Philander angered by umpires' decision on Archer no-ball

By Sports Desk December 27, 2019

South Africa all-rounder Vernon Philander was left frustrated by the umpires' decision to rescind a second no-ball against Jofra Archer.

England paceman Archer – who took two wickets as South Africa were limited to 72-4 at the start of their second innings – finished his day with a pair of beamers, though the second delivery was not given as a no-ball despite apparently being called as one by square-leg umpire Paul Reiffel.

With the umpire at the bowler's end, Chris Gaffaney, having not given a signal for no-ball, however, the officials elected not to make Archer send down an additional delivery.

Both Faf du Plessis and Proteas coach Mark Boucher held discussions with the match officials after the close of play, and Philander, who finished England's first innings with figures of 4-16, was angered by the umpires' decision.

"If you're at square-leg and you call no-ball you've got to stand your ground," he said. "At no time did they actually cancel it.

"For me it's plain and simple: we're playing a game and we're setting an example for the rest of the people coming into this game. You've got to make the right call.

"That's why it's called the purest format. Are we going to tolerate it at another game or are we going to put a stop to it right here? It's in the hands of the umpires."

Archer held a conversation with the umpires after the second delivery, with replays suggesting the ball was dipping towards the bails having passed the batsman at shoulder height. 

"Don't try silly things that can cost you bowling another ball in the innings," Philander, who had no sympathy with Archer, said.

"The umpires have to make a call and hopefully it's the right one for the game looking forward."

Related items

  • Coronavirus: West Indies tour of England agreed 'in principle' Coronavirus: West Indies tour of England agreed 'in principle'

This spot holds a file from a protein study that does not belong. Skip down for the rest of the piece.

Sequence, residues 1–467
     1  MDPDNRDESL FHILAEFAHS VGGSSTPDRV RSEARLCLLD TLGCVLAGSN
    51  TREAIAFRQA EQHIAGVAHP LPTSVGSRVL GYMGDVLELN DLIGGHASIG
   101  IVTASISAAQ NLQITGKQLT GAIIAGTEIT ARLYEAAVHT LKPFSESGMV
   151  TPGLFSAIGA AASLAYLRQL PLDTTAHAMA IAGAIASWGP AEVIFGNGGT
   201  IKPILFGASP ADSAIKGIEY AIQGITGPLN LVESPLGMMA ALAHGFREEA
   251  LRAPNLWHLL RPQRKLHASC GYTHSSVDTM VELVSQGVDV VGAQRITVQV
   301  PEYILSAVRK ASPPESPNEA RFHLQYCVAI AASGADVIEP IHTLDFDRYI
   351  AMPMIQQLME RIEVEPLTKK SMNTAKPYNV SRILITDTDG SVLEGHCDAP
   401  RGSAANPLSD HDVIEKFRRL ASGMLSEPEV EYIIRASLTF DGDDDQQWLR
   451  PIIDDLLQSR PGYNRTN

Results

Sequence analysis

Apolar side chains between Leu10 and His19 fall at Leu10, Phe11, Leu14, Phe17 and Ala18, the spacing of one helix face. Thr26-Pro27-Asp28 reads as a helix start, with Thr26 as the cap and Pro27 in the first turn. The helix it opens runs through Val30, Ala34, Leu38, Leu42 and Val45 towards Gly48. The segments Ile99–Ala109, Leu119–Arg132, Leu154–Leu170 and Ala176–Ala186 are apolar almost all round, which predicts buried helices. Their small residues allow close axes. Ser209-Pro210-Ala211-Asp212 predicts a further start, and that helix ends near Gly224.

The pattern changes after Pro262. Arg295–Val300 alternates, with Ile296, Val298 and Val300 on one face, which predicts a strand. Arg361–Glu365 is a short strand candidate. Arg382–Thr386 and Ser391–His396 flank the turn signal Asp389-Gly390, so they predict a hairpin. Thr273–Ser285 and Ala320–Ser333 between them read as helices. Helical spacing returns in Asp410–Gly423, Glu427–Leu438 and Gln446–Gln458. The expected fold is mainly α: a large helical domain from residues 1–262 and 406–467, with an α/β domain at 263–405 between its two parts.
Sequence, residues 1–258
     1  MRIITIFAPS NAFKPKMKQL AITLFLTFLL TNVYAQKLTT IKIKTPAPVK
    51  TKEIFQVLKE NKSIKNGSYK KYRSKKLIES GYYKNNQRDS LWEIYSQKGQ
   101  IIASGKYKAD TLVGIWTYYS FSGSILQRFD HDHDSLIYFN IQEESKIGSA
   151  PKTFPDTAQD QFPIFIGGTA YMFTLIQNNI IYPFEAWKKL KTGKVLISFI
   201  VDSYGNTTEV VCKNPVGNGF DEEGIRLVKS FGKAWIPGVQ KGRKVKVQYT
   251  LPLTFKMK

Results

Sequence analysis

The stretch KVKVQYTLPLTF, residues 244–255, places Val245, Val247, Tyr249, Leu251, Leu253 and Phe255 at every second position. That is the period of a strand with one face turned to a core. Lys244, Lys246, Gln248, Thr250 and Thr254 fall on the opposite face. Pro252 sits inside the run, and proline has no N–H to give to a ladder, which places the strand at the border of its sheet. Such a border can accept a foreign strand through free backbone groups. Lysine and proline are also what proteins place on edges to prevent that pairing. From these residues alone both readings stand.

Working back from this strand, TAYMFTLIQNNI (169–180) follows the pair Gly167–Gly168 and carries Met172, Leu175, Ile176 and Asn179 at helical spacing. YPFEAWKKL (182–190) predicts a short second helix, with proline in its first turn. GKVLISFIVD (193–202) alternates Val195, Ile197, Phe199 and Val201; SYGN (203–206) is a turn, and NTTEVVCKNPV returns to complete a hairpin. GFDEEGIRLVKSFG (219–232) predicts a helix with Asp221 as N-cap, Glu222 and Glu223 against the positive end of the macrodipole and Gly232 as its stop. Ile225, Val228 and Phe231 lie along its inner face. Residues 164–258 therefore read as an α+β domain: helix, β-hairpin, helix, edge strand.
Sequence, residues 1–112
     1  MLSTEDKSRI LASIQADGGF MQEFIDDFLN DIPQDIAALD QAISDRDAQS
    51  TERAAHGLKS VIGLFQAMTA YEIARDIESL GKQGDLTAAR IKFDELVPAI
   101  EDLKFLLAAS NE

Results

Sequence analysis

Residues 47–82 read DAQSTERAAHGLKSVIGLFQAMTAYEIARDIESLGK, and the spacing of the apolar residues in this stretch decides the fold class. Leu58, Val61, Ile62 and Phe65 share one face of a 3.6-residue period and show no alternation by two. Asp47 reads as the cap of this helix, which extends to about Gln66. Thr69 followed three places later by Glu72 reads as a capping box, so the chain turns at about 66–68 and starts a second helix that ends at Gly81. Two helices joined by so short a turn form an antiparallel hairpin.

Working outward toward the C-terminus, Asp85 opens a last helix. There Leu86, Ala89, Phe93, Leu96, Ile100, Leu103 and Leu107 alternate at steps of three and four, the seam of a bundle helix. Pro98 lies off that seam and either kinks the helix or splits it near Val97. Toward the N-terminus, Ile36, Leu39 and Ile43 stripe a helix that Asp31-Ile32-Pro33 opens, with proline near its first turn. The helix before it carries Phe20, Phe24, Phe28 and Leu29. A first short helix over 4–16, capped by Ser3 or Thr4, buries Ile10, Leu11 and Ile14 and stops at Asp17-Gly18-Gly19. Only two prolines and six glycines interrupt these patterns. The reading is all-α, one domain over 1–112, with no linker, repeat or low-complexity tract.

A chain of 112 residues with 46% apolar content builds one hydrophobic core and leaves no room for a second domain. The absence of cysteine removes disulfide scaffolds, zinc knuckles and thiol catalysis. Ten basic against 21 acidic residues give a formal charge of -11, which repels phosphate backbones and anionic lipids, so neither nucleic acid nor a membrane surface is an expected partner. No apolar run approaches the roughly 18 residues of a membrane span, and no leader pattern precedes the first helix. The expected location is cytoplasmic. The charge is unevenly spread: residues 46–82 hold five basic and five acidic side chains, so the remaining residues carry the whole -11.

Cricket West Indies (CWI) has agreed to the Test tour of England "in principle", with players and staff to remain "in a bio-secure environment" for the duration of the series.

    The Windies had originally been due to face England in three Tests, at The Oval, Edgbaston and Lord's, but that series – originally slated to begin next week – was postponed in April amid the coronavirus pandemic.

    However, CWI and the England and Wales Cricket Board (ECB) have been in discussions about the tour taking place in July at Old Trafford and the Rose Bowl, which have hotels attached to the stadiums.

    That would ensure the travelling party can remain at the same location where Tests would be played behind closed doors.

    A statement from CWI said: "CWI's management is now in the process of seeking to put all of the approvals and logistics in place within the Caribbean, including seeking permission from the various national governments to facilitate the movement of players and support staff, using private charter planes and conducting medical screenings and individual COVID-19 testing for all members of the touring party."

    It has been proposed that the West Indies squad would fly to England in the week beginning June 8, a full month before the opening Test.

    On Friday, England named a 55-man squad which will commence group training sessions, subject to government approval.

  • On this day in sport: Babe Ruth's farewell, Liverpool rock Roma, Tyson topples Thomas and Cook's twin feats On this day in sport: Babe Ruth's farewell, Liverpool rock Roma, Tyson topples Thomas and Cook's twin feats

    Babe Ruth knew time was up on his baseball playing career on May 30 in 1935, but his name lives on and many consider him the greatest player to have swung a bat.

    Liverpool supporters may look back fondly on memories of 1984 at the Stadio Olimpico, where Joe Fagan's team rocked Roma in the European Cup final.

    The brilliant and brute force of Mike Tyson was felt on this day in 1987 by Pinklon Thomas.

    And Alastair Cook, the great England opening batsman, made history not once but twice in successive years on this date.

    Here is a look at those famous moments in sporting history.

     

    1935 – Babe Ruth struck out for the last time

    Nothing that happened in his short spell at the Boston Braves could stain his name, yet Ruth's move from the New York Yankees turned out to be an almighty flop. Arriving in February 1935, Ruth – baseball's biggest draw of the era and a player whose name resonates to this day – offered just glimpses of his glory days. On May 25, he thundered three home runs, albeit in a losing cause against Pittsburgh. That feat took his career haul to a then-record 714 homers, and there would be no more, Ruth playing his final game five days later against the Phillies. At the age of 40, out of shape and a shadow of his former self as a player, Ruth called it quits, his retirement announced days later.

    1984 - Liverpool stun Roma - in Rome